Modern technology is causing problems in many areas of life, and for established couples, sexuality is one of them.
According to Adam Alter, Ph.D., professor of marketing and psychology at NYU and the author of the 2017 book Irresistible: The Rise of Addictive Technology and the Business of Keeping Us Hooked, an estimated 40 percent of the population has some form of Internet addiction.
Wise parents are limiting the amount of time their children spend with their screens. I think wise couples should do the same.
I’m not talking about the dangers of Internet infidelity or cyber sexuality. That’s a separate topic.
What I mean is “normal” Internet activities like Facebook, Linkedin, Snapchat, or just having fun surfing the Web. All of that is perfectly find moderation, but what Alter, Dr. Sherry Turkle, and others have described is the difficulty of keeping Internet activities moderate — balancing online engagement with real, flesh-and-blood engagement.
For new couples, the heady brew of hormones and neurotransmitters are usually enough to make sure that they put down their iPhones and laptops and lock lips and arms to enjoy the physical pleasures that life has to offer.
But as one of my heroines, Dr. Helen Fisher, says, after a maximum of two years together, the automatic, chemically based sexual drive that we experience in a new relationship dwindles. After that, people need other kinds of fuel and engagement to keep ourselves motivated to be sexual together.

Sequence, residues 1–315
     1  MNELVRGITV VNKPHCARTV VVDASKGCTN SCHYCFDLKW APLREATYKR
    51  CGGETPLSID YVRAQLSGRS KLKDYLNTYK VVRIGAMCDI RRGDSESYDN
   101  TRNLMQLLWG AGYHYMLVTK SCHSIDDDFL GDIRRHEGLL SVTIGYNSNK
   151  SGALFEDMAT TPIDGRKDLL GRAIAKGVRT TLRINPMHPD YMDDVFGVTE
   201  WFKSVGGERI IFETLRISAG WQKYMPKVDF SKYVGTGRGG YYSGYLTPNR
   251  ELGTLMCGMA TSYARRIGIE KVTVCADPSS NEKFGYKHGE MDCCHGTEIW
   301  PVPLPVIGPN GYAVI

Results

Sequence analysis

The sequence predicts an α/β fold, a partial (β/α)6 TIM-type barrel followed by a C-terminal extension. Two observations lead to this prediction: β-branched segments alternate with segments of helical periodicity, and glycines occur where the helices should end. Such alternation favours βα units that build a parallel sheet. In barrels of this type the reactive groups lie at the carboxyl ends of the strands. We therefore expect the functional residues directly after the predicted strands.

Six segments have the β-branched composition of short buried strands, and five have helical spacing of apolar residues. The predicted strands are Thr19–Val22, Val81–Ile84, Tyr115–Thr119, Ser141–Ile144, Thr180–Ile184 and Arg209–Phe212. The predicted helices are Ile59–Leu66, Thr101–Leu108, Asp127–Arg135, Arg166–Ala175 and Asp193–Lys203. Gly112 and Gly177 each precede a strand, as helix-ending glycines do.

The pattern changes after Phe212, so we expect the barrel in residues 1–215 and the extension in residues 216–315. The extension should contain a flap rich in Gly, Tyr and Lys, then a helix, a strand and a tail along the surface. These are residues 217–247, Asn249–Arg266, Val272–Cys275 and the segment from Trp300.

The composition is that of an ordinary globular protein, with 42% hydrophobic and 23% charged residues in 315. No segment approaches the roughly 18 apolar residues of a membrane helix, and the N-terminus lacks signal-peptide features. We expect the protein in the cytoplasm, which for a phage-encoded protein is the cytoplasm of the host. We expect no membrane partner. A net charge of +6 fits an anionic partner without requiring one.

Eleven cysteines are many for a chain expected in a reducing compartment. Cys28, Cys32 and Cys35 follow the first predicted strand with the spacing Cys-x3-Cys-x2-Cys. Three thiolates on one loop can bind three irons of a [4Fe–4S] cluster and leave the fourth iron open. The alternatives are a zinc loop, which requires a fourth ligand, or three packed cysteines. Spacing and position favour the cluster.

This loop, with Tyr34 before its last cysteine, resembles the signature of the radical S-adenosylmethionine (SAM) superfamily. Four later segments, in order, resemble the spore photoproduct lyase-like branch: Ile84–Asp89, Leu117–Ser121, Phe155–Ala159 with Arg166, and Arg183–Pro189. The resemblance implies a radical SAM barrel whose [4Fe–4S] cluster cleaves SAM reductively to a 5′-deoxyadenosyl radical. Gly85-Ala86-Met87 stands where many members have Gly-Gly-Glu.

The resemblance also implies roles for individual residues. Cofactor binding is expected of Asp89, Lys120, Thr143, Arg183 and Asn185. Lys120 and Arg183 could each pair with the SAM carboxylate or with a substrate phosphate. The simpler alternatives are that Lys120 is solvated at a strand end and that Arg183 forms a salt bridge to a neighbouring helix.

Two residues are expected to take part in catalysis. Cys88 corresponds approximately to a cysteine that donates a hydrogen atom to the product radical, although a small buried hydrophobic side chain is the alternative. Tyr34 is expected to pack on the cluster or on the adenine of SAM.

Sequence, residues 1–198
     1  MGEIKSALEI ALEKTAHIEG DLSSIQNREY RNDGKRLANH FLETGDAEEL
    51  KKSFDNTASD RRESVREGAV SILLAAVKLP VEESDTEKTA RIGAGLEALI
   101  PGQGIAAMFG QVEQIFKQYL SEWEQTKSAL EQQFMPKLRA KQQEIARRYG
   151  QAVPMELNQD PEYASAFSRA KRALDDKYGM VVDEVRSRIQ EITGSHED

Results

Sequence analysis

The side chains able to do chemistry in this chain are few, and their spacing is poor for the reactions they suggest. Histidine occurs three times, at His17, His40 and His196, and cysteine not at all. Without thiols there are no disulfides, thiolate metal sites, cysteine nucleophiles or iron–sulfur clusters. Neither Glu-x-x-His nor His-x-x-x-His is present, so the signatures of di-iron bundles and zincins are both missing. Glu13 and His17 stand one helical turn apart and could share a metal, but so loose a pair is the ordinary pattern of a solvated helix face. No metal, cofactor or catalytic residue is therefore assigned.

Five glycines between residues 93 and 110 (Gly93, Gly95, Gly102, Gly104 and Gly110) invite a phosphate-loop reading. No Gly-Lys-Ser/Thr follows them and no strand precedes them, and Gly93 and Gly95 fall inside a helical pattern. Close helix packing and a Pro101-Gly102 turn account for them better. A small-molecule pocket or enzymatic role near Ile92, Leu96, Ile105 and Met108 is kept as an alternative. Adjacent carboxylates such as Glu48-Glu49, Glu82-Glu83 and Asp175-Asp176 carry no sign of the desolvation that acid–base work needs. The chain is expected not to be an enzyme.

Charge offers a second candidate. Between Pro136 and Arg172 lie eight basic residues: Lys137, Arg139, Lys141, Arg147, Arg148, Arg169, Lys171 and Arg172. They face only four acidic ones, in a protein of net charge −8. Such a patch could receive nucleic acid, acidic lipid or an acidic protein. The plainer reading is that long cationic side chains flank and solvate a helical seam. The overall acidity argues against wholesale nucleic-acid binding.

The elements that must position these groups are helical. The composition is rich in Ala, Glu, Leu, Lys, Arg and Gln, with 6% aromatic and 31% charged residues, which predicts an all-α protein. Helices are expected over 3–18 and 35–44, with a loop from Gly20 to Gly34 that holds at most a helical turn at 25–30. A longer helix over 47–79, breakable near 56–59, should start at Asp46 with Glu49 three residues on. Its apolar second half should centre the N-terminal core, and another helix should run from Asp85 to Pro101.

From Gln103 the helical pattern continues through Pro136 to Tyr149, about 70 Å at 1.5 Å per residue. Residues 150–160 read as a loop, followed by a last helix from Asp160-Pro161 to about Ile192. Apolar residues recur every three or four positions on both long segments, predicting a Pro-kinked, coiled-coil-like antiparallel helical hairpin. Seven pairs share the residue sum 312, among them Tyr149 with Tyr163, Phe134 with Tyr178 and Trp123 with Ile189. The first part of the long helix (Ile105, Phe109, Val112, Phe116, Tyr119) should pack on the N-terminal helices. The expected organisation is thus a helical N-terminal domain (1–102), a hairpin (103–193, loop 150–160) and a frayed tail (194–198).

Time together doing interesting, new activities is important for maintaining a connection and keeping passion alive.
If you are part of an established couple, ask yourself the following questions:
• Do I feel that being online is a higher priority my partner’s life than me?
• Is one of our patterns of Internet activity making it feel like we don’t have enough time to talk in person about important topics?
• Is either of us using devices in the bedroom?
A yes answer on even one of these questions is a cause for alarm.
If you have heard a yes, try reading Alter’s book and see what you can do to revitalize the flesh-and-blood relationship with your partner.
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